Supercars is apparently just days away from making a decision as to whether or not the gearstick and the practice of the heel-and-toe will become redundant when its new ruleset debuts in 2023.
Gear shifting has been a hot topic all year after a tender document came to light in January which, under a passage on “Assisted Shift Control”, revealed that “an E-shift system is likely” in Gen3.
That remained the case in a heated press conference held upon the launch of the Camaro and Mustang prototypes at the Repco Bathurst 1000, when Supercars CEO Sean Seamer demanded journalists cease asking questions about the matter.
Edwards, CEO of Tickford Racing, says he is indifferent about the subject, but predicted that drivers will still find the new-specification cars a handful, one way or the other.
“They might be thanking us in two years' time, that they're so busy trying to keep the thing on the track with no downforce that they're probably glad they don't have to take their hand off the steering wheel,” he quipped to Speedcafe.com, before the Bathurst 1000.
“It'll sort itself out in the fullness of time but I don't think it's a massive issue that people are making out, and I don't mind one way or the other.”
While clearly the most controversial, the potential move to paddle shift and/or assisted blip would hardly be the only major technical change ushered in under Gen3.
There will be new engine specifications for the first time in decades, and, more critically with respect to quality of racing, a massive cut in downforce.
According to Supercars, Gen2 vehicles produce around 450kg of downforce (front plus rear) at 200km/h, a material jump from the 300kg to 350kg achieved in the earlier years of Car of the Future.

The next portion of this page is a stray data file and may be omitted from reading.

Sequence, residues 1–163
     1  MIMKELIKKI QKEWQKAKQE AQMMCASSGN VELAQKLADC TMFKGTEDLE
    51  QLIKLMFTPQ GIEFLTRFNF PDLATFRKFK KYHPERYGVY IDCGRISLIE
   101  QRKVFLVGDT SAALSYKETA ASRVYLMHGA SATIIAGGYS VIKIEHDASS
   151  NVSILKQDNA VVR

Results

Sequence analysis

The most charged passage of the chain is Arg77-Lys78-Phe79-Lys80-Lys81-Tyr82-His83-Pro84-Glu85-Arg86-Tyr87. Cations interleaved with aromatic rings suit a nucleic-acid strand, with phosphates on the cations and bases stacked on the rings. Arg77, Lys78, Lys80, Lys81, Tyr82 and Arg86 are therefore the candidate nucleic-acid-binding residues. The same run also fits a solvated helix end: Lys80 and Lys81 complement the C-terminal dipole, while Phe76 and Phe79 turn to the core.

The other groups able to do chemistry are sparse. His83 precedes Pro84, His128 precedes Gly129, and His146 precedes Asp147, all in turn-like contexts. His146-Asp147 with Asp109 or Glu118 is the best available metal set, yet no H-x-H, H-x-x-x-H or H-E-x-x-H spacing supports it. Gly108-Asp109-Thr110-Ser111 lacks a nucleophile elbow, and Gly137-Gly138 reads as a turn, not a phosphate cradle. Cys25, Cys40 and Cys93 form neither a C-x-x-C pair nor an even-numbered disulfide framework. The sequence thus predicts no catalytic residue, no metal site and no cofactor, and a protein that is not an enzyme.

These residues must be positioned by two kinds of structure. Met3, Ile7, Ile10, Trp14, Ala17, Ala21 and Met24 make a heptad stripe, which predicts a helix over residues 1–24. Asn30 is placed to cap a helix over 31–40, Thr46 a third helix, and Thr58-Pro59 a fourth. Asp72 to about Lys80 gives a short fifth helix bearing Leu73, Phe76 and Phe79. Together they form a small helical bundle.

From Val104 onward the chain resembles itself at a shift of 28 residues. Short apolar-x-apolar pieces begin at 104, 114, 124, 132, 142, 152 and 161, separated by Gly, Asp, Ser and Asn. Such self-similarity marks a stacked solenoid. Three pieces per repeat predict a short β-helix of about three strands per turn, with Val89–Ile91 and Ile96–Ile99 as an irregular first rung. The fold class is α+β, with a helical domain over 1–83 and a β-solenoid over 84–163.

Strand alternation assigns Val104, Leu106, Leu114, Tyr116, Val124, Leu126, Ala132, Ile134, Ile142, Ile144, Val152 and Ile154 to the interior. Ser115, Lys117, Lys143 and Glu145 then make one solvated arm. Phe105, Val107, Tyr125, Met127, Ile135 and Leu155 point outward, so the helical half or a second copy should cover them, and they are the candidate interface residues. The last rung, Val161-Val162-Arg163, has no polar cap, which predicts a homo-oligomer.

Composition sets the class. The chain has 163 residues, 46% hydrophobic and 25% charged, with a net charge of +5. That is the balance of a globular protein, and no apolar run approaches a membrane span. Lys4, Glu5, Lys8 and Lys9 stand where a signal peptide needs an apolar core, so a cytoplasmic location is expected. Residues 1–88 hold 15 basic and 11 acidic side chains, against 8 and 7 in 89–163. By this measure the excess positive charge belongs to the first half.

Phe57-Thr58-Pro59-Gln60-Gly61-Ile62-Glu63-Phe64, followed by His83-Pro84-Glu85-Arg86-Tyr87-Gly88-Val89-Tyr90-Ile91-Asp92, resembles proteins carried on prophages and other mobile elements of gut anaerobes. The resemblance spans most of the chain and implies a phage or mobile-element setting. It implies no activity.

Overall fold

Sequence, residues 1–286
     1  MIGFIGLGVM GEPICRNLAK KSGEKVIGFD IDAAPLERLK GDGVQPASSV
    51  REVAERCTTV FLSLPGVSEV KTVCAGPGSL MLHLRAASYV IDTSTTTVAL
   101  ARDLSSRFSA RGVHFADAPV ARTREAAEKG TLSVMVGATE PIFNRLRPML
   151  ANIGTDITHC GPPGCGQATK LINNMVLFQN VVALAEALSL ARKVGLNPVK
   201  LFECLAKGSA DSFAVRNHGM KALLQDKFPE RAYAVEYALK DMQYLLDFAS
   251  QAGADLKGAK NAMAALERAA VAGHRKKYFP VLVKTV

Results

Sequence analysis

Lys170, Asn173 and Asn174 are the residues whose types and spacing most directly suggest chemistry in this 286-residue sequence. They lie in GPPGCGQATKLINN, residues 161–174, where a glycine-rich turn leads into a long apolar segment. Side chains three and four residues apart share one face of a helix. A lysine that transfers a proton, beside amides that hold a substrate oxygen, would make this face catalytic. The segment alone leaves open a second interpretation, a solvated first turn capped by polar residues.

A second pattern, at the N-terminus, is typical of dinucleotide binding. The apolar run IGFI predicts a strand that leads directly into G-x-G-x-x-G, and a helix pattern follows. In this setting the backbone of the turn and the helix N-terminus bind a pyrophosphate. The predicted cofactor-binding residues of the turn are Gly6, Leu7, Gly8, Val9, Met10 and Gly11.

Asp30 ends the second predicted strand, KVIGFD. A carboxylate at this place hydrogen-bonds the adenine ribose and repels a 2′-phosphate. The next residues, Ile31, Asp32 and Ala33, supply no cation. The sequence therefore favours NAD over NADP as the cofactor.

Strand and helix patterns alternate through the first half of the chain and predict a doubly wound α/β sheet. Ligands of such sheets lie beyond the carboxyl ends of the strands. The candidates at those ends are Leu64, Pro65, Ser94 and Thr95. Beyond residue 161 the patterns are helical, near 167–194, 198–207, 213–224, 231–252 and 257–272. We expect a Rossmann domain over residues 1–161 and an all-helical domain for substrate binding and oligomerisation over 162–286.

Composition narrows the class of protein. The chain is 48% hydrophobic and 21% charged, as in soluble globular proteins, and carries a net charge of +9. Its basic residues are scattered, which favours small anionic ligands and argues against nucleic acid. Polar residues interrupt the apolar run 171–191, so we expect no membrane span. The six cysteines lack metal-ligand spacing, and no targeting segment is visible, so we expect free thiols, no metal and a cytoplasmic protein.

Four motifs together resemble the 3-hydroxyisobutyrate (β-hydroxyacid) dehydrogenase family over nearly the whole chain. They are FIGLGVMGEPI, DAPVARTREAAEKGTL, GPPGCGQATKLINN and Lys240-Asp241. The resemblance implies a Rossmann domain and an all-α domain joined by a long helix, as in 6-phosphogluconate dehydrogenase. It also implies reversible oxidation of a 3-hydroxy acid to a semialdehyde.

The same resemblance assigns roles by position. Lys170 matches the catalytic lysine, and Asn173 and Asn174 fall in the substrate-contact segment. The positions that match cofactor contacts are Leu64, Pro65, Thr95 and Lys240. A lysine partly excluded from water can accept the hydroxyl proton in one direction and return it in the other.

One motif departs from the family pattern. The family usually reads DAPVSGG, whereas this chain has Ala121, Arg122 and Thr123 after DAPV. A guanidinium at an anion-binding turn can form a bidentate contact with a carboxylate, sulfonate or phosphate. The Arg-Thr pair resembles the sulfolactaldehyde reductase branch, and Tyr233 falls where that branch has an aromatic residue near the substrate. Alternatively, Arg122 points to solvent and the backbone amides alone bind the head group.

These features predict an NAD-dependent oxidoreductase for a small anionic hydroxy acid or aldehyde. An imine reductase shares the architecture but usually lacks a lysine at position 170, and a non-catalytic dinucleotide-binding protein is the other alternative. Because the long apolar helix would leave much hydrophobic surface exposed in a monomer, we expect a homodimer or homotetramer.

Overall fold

That ‘creep' will be more than reversed out upon the arrival of Gen3, with figures of 135kg to 140kg being bandied around, and Edwards suggests that will be a key factor in increasing the driving challenge.
“I'm what you'd call a fence-sitter because I don't really care one way or the other,” he said of the gear shift issue.
“My personal opinion is, I don't think it really matters that much because these cars are still going to have a spool diff, they're still going to have relatively small tyres for the size and weight of the car, they're still going to have relatively small brakes for the size and weight of the car, and they're going to have a lot less downforce than they've got at the moment.
“So, I think all those factors will really make these cars still very challenging to drive.
“Just because it doesn't [may not] have a gear lever, I'm not sure that's going to change things too much.”
He furthermore suggested that internationals, or those otherwise attuned to driving other categories of race car, would still face a tough task adjusting to a Supercar.
“They're still going to be very difficult cars for anybody from overseas to just rock up and think, ‘I can hop in this car and be quick from Day 1,' and that's been a trait for years,” added Edwards.
“People have come from overseas and they're like, ‘Holy shit, these things are hard to drive.'
“I still think they're going to be hard to drive, and taking the amount of downforce off that we are will make them even harder to drive.
“Look, it could still go both ways, but if that's the only thing that we've got wrong with Gen3, then I think we've done a pretty good job.
“Out of the enormity of the task and the amount of effort that's gone in, if gear shift's the only thing that people really want to debate, I think we've done a pretty good job.”
It would appear that the new-generation engines are presently designed to be used in conjunction with auto blip, given a decision on gear shifting technology is said to needed soon in order to progress development.